This means you have to buy maps as you would potions, keeping a collection of them available at all times to use when you need to. As I progressed further and further into more and more complex dungeons, separating already tight inventory space to hold stacks of one-time use map items became more of a chore than an interesting limitation. Outside of anything else the game has to offer, this can easily be a deal-breaker. You can get around this by modifying the game files or looking up maps online.

The game also has quite a number of quest events to reward you for going out of your way to explore to the corners of the various dungeons. Many require conquering extra bosses or navigating to the most difficult-to-reach places. While totally optional, gaining more levels and equipment by completing these events is very beneficial. Elminage Gothic is challenging the whole way through, so anything to up your advantage is something you are going to want to do.

Dungeon-crawlers seem to be a video game sub-genre that is going extinct on the PC. Years back, you had highly successful dungeon-crawling RPG series such as the Wizardry games, along with the Might & Magic and Bard's Tale games. Nowadays, your choice of games if you want to do some dungeon-crawling are a bit limited in terms of modern selections to play, so most of us are still firing up the old classics from time to time. Thankfully, rare games like Elminage Gothic exist and are able to bring this wonderful dungeon-crawling experience back to PC in the modern era where it belongs, hopefully bringing with it some fresh ideas and making a few new fans for the niche genre along the way.

Elminage Gothic is a party-based dungeon-crawler RPG similar to the early Wizardry games or any good old-school dungeon-crawler. You roll a party of 6 characters from a wide array of races and classes to choose, outfit them as best you see fit and crawl through dungeons, fighting and looting along the way.

Yes, Elminage Gothic is a true-to-life dungeon-crawler, and that is what the majority of your time will be spent doing. The dungeons in this game are devious, devilish and diabolical. Most of them are maze-like, huge and confusing, often with hidden switches to find and secret doors to uncover. The challenge level is also raised when you realize that the simple task of using your map is limited in this game. The game uses a Magic Map system, which means that each time you glance at your map, a Magic Map in your inventory is used up. Run out of Magic Maps and you no longer have a map or any way of knowing where you're at. If that happens, you will be running around blindly until you re-load a previous save or somehow find your way back to sunshine again. This aspect is made easier once you get teleportation magic, but the early parts of the game can be brutal.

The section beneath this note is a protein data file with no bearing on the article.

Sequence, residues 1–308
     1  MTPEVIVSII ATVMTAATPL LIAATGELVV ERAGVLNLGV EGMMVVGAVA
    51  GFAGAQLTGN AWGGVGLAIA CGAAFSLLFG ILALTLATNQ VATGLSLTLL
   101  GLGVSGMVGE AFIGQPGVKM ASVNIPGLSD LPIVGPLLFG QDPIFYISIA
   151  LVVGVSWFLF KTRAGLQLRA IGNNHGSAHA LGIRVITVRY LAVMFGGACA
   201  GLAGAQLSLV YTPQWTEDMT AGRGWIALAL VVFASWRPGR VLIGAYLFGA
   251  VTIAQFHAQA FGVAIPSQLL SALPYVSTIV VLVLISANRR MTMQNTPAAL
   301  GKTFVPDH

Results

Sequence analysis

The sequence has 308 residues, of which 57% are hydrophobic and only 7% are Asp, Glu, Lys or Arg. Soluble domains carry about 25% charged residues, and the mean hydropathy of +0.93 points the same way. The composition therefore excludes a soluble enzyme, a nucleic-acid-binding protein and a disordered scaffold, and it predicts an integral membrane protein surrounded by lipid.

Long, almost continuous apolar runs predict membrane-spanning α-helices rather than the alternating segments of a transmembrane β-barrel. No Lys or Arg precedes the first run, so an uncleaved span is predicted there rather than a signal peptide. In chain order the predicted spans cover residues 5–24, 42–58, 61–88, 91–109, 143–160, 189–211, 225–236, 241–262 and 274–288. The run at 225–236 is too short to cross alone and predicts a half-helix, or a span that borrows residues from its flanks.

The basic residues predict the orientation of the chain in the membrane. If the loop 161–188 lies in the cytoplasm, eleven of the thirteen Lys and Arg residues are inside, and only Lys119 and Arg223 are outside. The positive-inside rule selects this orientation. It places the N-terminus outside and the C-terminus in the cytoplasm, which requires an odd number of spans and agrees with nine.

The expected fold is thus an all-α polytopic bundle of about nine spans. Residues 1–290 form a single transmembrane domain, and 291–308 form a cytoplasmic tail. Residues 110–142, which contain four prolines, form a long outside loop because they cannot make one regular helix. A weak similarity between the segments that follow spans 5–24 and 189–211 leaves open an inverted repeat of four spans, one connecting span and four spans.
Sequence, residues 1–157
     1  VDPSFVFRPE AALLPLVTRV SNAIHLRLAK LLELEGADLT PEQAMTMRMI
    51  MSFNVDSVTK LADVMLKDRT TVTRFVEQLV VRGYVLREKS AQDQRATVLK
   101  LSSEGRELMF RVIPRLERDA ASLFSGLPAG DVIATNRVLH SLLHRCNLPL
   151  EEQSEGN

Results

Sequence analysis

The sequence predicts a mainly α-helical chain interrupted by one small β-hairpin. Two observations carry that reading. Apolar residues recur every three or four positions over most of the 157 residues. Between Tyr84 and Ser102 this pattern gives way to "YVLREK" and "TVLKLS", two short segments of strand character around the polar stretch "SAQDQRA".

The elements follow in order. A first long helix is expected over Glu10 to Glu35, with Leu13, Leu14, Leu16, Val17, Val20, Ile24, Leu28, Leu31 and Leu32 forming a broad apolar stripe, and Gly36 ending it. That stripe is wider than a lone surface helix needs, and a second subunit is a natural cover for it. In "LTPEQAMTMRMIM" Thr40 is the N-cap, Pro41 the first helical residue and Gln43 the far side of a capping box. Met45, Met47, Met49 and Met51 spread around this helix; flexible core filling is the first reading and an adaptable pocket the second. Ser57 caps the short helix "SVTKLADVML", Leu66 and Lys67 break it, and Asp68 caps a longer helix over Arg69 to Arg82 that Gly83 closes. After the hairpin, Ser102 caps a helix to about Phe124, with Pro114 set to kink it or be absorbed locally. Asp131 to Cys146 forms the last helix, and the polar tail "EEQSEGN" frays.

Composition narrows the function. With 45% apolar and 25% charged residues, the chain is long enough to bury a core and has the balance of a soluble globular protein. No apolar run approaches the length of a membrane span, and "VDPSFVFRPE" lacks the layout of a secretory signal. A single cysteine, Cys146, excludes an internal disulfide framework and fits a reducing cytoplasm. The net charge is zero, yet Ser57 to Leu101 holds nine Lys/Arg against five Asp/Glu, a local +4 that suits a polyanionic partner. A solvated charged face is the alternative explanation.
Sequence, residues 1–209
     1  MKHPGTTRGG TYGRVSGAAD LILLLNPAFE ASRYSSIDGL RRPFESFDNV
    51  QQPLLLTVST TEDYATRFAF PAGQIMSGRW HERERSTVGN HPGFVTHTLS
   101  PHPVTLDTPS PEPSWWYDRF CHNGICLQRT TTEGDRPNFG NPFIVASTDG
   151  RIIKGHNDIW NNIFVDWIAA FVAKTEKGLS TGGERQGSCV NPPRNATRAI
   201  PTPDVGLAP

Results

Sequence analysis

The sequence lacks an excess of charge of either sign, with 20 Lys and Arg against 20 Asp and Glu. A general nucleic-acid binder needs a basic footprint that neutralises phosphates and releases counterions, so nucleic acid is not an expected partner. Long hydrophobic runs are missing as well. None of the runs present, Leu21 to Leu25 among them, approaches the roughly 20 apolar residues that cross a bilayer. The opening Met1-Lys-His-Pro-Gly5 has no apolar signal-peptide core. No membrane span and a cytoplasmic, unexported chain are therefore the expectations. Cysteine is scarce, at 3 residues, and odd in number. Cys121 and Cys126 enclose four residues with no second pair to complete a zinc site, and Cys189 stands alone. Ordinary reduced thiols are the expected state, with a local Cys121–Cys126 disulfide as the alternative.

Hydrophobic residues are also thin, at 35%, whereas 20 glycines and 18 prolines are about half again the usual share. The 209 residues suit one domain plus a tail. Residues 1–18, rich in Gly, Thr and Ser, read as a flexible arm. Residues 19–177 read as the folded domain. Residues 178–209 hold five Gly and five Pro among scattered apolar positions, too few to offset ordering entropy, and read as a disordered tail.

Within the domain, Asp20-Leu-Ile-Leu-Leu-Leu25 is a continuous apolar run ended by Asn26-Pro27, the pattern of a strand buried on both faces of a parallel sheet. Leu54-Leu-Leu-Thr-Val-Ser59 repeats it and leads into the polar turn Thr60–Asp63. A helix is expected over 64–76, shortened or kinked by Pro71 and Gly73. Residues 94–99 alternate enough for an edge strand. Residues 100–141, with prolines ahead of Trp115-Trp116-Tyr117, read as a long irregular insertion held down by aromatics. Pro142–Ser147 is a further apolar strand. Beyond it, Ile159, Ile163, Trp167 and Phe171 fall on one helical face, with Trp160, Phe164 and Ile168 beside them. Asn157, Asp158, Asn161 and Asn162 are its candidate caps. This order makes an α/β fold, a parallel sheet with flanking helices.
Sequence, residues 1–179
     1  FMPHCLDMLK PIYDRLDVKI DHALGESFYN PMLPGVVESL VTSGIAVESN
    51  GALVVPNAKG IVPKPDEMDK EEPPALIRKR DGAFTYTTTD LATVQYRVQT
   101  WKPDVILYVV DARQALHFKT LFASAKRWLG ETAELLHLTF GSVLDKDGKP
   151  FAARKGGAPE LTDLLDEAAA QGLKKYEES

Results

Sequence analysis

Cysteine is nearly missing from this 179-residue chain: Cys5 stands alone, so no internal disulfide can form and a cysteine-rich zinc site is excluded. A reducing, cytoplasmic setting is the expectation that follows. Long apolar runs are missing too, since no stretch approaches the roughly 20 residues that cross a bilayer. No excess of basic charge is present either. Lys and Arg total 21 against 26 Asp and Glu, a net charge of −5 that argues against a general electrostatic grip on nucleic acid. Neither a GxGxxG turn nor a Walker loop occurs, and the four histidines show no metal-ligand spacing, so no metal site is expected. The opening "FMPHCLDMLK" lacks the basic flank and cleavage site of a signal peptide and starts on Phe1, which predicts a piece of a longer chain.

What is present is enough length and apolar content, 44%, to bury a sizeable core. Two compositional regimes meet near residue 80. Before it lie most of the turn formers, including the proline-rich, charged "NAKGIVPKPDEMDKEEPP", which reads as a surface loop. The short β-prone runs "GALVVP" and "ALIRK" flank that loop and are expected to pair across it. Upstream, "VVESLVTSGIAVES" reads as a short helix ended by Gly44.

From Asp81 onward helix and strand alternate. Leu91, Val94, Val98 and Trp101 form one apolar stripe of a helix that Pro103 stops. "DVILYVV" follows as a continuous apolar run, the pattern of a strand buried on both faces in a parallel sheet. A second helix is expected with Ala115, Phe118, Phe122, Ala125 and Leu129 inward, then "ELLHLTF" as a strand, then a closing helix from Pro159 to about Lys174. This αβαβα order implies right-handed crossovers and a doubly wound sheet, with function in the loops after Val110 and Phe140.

The story is a bit bare-bones here, as you initially get word that a cave has started spawning monsters and you have to get to the bottom of why it's happening. The story simply acts as a backdrop; a reason to get you exploring the dungeons and ultimately spending your time in the dungeons themselves. As you progress, you can start to piece together a narrative, much like a Dark Souls game, and the story starts to reveal itself to you. There are plenty of NPCs in the dungeons and villages you encounter that also help move things along, often with interesting lore bits and clever little quotes that will definitely get a chuckle out of you. I had to laugh when I mistakenly fell to the bottom of the wind cave, Hastrana, only for a fairy there to tell me how foolish I was for even entering this cave without wings. This area of the map turned out to be a dead end with no apparent way up, so the fairy was, in fact, quite right. There are many of these moments in the game where the game cleverly and cutely tells you things that show that it is not taking itself *too* seriously.